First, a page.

I’ve written before about the important role that canines play in policing, as well as the need to protect them from harm to the maximum extent possible. I definitely believe these dogs are valuable tools when used with proper training and under the appropriate guidance of a responsible human partner.

Image courtesy of Maggie Smith/ FreeDigitalPhotos.net

Image courtesy of Maggie Smith/ FreeDigitalPhotos.net

But, a pair of stories in recent weeks raises some concerns about use of force when it comes to canines.

First  up, a jury in Atlantic City recently awarded damages to a man assaulted by a police officer during an encounter in 2008. The officer involved in that incident, Sterling Wheaten, was held personally liable and ordered to pay half of the $500,000 damage award himself.

As it turns out, that same officer is also being sued in at least five other cases, including one in which he allowed his canine to severely bite a man in June of this year. The video of that incident is below, and it offers a gritty view of what appears to be abusive police behavior by Wheaten.

Watch for yourself.

Atlantic City Incident

The video (starting at 3:10) appears to show a man being subdued by four Atlantic City officers, who eventually wrestle him to the ground to take him into custody. Just as he appears to be coming under control, Wheaten pulls up and releases his canine, which is then allowed to mercilessly attack the man, even biting his neck at one point.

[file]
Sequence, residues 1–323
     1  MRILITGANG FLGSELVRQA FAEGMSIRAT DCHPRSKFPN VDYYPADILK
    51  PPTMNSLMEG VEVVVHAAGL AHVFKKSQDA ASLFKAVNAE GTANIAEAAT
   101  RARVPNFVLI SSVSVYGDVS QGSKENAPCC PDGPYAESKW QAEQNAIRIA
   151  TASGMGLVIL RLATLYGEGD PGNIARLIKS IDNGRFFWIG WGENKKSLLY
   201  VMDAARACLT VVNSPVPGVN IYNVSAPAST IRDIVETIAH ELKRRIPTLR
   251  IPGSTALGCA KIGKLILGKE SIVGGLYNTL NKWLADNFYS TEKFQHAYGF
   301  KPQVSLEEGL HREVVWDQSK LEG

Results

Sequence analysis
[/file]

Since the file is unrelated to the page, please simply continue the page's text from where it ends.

You can see in the video how the officers, who are already on top of the arrested man, have to literally move out of the way to avoid being bitten by the dog themselves.

The man, Connor Castellani, required 200 stitches as a result of the dog attack, which appeared, in my opinion at least, to have been a completely disproportionate police response to the situation. That will ultimately be up to a jury to determine, however.

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And, before you think that the decision might be a slam dunk based on the video, juries have sided with canine officers in similar cases in the past, even in situations in which video footage appears to show excessive force being used.

In December 2013, Stafford Brister, an officer with the Wilmington Police Department in North Carolina, was cleared by a grand jury in a use of force case involving the officer and his canine partner.

The below video of the incident shows officer Brister lifting his canine into a suspect’s vehicle after a police chase. If you look closely, you can see that the man appears to have submitted at that point by raising his hands in the air.

Nevertheless, the canine can be seen attacking the man.

Wilmington Incident

Now, I’m no apologist for fleeing suspects, and I don’t condone drinking and driving, damaging property, or any of the other crimes this suspect was later charged with committing, but I do believe that shoving the dog into the car after the suspect had stopped and apparently given up was potentially an excessive use of force.

To my mind, it would be akin to one police officer helping another officer enter the car for the sole purpose of attacking someone. Once inside the car, the dog is under only tenuous control, at best, and it certainly doesn’t have the reasoning capabilities of a human officer in terms of stopping or reducing the attack at any point where maximum force is no longer required.